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The world will convene for its biggest celebration of sport this summer. The USA will be there, looking to shock the world once again.
The FIFA World Cup kicks off June 11 in South Africa, and the U.S. men’s national team kicks off their competition a day later.
Recent memories will give the squad hope against the European juggernaut England. Last time the U.S. was in South Africa, they shocked the world and came from nowhere to reach the Confederation’s Cup final, beating Egypt and world-number-one Spain along the way before falling against Brazil.
No one gave the U.S. a chance in the Confederation’s Cup, and the same could be said for the World Cup.
In a recent poll on FIFA.com, only 9 percent of voters think that the USA will win Group C, behind England and Algeria but ahead of Slovenia.
England comes into the World Cup with a plethora of superstars. With the likes of Wayne Rooney, Frank Lampard, Steven Gerrard and John Terry, England looks to be the dominant favorite in the group. The Three Lions have a little bad blood when it comes to playing the U.S. The Americans shocked them with a 1-0 defeat in 1950, throwing out a team of amateurs against an England team filled with pros.
Now the U.S. has its own pros, and is looking to recapture the glory of 60-years ago. It’s a tough task, and the players need to be prepared for a grind if they’re going to have any success.
A repeat of the early exit from the 2006 World Cup will be a great disappointment, not only to the teams, but to the fans that have seen a vast improvement in the team. A nation that was once seen as just as stepping stone now has hopes of being a contender.
Even if they end up losing to England, there are still two chances for the U.S. to get out of Group C. Games against Algeria and Slovenia are still certain to be a test. Getting second will see the U.S. get out of their group. Both players and fans have said they have high expectations for 2010, and so advancing to the knockout stages is a necessity
With decent performances throughout Qualifying and in the friendly warm-ups leading up to the World Cup, expectations should be high for the U.S. Losing 2-1 to Holland in the Netherlands may seem like as failure, but the performance showed the resolve of the team, even without many of its star players. The U.S. will need their stars if they have hopes of advancing, but performances over the past year will give fans hope that their expectations will be met.
Players to watch:
Landon Donovan is probably the biggest name associated with U.S. soccer. Captain of his current club, the L.A. Galaxy, he is the all-time leader in scoring and assists for his country. He impressed almost everyone on his 10-week loan spell at English club Everton, leading to rumors that he would stay there past his deal, but returned to L.A. after the World Cup.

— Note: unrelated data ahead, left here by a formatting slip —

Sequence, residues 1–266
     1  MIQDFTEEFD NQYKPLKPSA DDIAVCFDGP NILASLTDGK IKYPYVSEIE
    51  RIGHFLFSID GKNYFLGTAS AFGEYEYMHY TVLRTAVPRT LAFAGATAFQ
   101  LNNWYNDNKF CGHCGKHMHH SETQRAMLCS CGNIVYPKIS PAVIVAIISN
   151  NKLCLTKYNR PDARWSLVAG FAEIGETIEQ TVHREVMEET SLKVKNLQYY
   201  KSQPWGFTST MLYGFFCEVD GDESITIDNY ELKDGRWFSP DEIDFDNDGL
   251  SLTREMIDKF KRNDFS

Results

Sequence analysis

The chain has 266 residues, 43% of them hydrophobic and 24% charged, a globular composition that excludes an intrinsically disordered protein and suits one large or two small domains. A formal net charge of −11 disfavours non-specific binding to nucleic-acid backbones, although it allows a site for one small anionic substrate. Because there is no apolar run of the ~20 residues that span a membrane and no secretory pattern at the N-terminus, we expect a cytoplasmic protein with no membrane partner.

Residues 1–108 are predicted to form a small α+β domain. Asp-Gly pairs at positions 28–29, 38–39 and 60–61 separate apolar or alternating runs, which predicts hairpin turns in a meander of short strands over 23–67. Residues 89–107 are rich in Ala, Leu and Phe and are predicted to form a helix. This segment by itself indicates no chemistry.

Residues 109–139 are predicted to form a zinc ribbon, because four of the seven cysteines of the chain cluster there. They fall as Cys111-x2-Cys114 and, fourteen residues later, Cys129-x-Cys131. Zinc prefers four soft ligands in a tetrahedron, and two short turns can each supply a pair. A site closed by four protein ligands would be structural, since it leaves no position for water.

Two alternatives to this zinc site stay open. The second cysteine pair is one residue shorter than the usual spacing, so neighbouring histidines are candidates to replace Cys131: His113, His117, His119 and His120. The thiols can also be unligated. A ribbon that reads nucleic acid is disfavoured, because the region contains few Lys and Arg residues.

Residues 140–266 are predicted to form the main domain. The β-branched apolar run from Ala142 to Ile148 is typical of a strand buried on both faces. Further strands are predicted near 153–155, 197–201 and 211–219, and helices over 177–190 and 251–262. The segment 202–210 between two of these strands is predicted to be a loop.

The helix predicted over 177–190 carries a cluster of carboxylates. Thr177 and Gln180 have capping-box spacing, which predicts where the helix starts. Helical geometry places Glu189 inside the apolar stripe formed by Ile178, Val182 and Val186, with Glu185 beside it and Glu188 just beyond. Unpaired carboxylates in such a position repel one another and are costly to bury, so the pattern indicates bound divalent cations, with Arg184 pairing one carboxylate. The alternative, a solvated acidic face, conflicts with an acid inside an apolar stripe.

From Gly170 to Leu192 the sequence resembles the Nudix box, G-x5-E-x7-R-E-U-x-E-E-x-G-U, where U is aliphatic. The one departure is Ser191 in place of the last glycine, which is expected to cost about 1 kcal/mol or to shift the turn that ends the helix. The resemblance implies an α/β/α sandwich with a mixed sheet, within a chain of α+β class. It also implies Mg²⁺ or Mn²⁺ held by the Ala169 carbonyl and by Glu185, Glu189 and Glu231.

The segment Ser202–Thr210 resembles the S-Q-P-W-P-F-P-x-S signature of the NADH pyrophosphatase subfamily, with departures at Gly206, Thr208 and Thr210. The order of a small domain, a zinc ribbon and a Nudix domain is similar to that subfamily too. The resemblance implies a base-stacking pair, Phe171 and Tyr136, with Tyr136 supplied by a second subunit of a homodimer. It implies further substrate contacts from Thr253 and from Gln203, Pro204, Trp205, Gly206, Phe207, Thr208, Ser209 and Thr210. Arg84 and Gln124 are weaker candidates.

Donovan’s contribution to U.S. is essential to U.S. success. He did not show his colors in the 2006 World Cup, and the team fell apart. When Donovan plays well, the team plays well, it’s that simple. His speed and creativity have created many scoring opportunities throughout his career. His is undoubtedly the on-field leader of the team and need to break the big game lull he seems to have. Look for Donovan coming out of the midfield and leading the U.S. attack.
The unsung hero of the U.S. is Clint Dempsey. A first choice winger for the English club Fulham, his contribution to the U.S. national team are priceless. Scoring important goals against Egypt and Spain, Dempsey can be creative on the ball, not only finishing opportunities, but creating them as well.
Dempsey will be seen as a winger when starting games, but his greatest contributions to the team have been when he pushed into the forward position. Head coach Bob Bradley has to take this into consideration with forward Charlie Davies questionable at best after his horrible car accident. No matter where he plays, look for Dempsey to make an immediate impact. He will be motivated to show his wonderful club season was not a fluke.
Tim Howard has been a mainstay between the posts for the U.S. since the departure of the great Casey Keller. The U.S. has produced some great goal keepers, and Howard is no exception. A keeper’s job is one of the toughest on the field, and Howard steps up at every chance. He rarely makes mistakes, even when his defense leaves him out to dry. You can see him screaming at his defenders during games, pointing out problems and making sure they don’t make the same mistakes twice. He is obviously one of the vocal leaders on the team, and his performance in June will surely boost the rest of the team around him.
If the U.S. wants the respect it so desperately seeks, then failure in South Africa is not an option. U.S. Soccer has such a bright future, and World Cup 2010 is the best way to showcase it.
Contact CU Independent Staff Writer Mark McNeillie at Mark.email@example.com.